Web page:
The Wellesley community gathers to celebrate sports, to celebrate music, but tonight it unites to celebrate ceramics.

Empty bowls is an international project to end hunger personalized by artists around the world to fit their community. In 2016, Ms. Amie Larson, a ceramics teacher at the high school, held the first Empty Bowls event at Wellesley High School bringing the community together to celebrate art alongside helping those in need. This year, the Empty Bowls event will be held for the second time on Monday, November 19.

The fourteen intensive ceramics students and Larson dedicated their time to creating approximately 85-100 bowls from which guests will eat dinner. The artists  hopes to spread awareness of hunger around the world by making a point to address the empty state of the bowls at the end of the meal. They will make the guests aware that these empty bowls are what a large percentage of the world sees.

Ultimately, this event not only serves to raise money to help fight hunger, but also to raise awareness and bring communities together to fight the problem together. Certainly, this has been the case in Wellesley.

“One of the core values is commitment to community and I would say that in this ceramics room, this is what I focus on the most,” said Larson. “Whether it be the 9th-12th grade community or the community of the art students within the Wellesley High School, I really wanted to find a way for other departments in the high school to come together and form a greater community.”

This event pushes students as artists and as humans to grow and learn. “It’s a wonderful way for students to use their creativity and what they’ve learned in ceramics to give back to the community,” said  Director of the Art department Mr. Thom Carter. “Instead of making a bowl for an assignment, [but for this event] makes it more special because they realize, it isn’t just going to be for me or to answer a question for a project.”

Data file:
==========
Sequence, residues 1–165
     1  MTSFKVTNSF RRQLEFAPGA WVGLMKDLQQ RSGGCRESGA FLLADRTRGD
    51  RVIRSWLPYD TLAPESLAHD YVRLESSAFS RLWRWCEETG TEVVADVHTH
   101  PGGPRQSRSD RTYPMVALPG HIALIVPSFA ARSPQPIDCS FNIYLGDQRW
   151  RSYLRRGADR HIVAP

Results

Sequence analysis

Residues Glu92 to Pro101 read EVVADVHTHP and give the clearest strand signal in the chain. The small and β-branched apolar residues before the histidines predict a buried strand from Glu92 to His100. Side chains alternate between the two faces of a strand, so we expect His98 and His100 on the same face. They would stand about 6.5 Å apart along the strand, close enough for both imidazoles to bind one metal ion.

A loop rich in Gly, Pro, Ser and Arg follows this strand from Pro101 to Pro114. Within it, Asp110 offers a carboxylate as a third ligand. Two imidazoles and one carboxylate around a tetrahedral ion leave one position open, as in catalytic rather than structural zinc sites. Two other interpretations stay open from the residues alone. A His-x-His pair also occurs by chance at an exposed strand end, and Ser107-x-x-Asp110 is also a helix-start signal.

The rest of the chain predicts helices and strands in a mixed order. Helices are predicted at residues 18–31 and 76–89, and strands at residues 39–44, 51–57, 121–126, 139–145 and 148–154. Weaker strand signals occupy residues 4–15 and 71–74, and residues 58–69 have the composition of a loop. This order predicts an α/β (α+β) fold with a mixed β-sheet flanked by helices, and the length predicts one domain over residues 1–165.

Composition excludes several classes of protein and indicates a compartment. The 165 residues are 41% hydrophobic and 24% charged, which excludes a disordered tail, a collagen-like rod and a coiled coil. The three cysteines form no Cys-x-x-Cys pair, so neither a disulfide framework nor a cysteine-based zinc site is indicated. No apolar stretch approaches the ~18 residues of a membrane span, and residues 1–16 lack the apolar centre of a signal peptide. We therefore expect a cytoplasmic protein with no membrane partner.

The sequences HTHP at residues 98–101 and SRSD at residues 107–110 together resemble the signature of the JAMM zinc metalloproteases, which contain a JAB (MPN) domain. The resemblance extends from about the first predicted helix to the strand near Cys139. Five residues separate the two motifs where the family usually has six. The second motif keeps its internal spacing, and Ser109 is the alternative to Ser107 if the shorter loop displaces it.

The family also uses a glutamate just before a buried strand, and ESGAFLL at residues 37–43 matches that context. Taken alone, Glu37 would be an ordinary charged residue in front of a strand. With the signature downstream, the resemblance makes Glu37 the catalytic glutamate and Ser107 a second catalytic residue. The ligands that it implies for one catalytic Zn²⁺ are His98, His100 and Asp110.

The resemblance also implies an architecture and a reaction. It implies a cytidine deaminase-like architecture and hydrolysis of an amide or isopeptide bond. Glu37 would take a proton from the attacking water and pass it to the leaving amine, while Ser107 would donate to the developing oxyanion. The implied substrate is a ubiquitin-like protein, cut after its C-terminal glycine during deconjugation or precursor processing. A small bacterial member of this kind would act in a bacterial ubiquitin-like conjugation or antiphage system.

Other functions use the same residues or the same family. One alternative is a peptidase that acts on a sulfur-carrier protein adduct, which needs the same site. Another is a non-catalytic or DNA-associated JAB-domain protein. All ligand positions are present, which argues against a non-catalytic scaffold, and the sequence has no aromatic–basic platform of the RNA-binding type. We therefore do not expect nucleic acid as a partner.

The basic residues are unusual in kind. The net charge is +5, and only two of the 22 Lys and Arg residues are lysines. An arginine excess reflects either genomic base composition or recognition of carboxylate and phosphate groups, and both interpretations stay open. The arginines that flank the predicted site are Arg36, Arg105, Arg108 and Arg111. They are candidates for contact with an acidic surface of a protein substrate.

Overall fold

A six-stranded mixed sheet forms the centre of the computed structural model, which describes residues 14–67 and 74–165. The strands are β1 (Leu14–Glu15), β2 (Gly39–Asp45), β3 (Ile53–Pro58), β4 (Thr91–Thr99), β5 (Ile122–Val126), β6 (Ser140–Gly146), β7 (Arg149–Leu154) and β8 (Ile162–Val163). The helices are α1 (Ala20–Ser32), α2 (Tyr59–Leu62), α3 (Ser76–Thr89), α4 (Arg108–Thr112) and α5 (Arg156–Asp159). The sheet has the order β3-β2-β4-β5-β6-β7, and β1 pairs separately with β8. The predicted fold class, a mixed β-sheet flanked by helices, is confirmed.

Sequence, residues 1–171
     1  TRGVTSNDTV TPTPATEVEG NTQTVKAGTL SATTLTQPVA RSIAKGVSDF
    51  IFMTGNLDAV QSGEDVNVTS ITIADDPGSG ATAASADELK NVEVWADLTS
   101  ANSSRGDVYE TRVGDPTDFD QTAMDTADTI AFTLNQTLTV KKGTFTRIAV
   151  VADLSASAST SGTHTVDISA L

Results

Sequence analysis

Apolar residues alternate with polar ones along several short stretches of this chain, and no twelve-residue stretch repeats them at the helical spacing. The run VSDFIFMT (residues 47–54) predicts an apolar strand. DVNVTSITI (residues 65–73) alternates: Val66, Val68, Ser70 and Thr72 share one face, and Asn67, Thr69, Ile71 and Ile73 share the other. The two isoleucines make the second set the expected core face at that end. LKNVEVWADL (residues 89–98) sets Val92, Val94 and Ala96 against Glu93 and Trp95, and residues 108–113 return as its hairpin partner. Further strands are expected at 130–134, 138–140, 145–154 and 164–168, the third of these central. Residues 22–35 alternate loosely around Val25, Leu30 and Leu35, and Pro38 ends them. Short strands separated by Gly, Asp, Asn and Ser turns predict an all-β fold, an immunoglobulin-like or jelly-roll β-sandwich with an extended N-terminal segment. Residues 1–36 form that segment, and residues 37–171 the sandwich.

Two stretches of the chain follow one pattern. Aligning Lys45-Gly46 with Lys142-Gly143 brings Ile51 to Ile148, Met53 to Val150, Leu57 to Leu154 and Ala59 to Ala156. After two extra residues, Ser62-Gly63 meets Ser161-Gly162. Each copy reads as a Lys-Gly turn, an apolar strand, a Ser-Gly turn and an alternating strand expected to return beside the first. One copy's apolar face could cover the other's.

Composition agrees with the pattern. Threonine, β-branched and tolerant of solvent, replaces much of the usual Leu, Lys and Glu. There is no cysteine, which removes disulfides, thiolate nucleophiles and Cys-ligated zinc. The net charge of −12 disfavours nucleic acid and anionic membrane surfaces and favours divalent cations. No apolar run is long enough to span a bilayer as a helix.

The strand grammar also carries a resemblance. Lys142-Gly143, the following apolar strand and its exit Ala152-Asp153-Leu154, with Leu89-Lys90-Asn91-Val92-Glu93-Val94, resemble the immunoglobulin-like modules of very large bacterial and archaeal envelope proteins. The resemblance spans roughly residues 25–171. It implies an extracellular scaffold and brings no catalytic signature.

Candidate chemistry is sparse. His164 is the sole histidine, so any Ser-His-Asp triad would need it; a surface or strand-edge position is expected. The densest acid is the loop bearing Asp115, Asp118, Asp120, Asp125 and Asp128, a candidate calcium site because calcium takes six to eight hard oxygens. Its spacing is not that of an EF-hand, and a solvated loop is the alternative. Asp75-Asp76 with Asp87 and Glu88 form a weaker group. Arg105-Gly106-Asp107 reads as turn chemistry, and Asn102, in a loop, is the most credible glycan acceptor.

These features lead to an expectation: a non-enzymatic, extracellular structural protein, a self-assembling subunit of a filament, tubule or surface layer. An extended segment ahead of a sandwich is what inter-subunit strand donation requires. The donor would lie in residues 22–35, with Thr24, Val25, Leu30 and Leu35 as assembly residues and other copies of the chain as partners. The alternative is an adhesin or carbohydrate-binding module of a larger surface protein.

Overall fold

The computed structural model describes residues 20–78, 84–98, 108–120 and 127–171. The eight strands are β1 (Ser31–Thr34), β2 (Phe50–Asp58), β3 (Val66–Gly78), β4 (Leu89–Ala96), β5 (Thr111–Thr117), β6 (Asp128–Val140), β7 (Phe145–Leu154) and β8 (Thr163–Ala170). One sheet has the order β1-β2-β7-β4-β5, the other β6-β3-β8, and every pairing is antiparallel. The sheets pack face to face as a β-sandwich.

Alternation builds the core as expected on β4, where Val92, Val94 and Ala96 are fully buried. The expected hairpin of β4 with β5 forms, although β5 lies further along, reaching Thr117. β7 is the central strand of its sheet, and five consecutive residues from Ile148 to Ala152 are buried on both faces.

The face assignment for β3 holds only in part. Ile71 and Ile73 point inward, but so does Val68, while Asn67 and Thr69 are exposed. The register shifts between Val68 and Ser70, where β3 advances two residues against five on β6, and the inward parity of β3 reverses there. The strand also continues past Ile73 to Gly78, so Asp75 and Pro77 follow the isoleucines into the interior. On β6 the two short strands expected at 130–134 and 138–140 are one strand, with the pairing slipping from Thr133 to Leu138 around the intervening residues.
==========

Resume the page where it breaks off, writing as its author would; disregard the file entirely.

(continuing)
This event is an enlightening experience to all, even for the students who are donating their time and skills to this event. “I have been inspired by this event by seeing that a passion of mine can not only benefit me by making me happy, but benefit others through events such as this,” said Sofia Fauza ’19. “I hope that this event will impact the Wellesley community by inspiring others to come together and recreate something like Empty Bowls in order to help others.”

“It is so important to give back to the community and art is a medium that allows me to make a change while helping,” said Serelle Carr ’19. “It will inspire artists like us to use our art for good.”

This year, the 80 pre-tickets were sold out in less than two hours, resulting in more than $1600 being  raised before the event. The immense support for this event has encouraged the many people who are organizing and helping to partake in this event.  

“Art can be used for things other than for adornment. It can be used to help, it can be used to highlight a social cause,” said Carter. “It also helps them see that they can do something for the world. Making a bowl doesn’t seem that big of a deal, but yet it’s helping immensely.”


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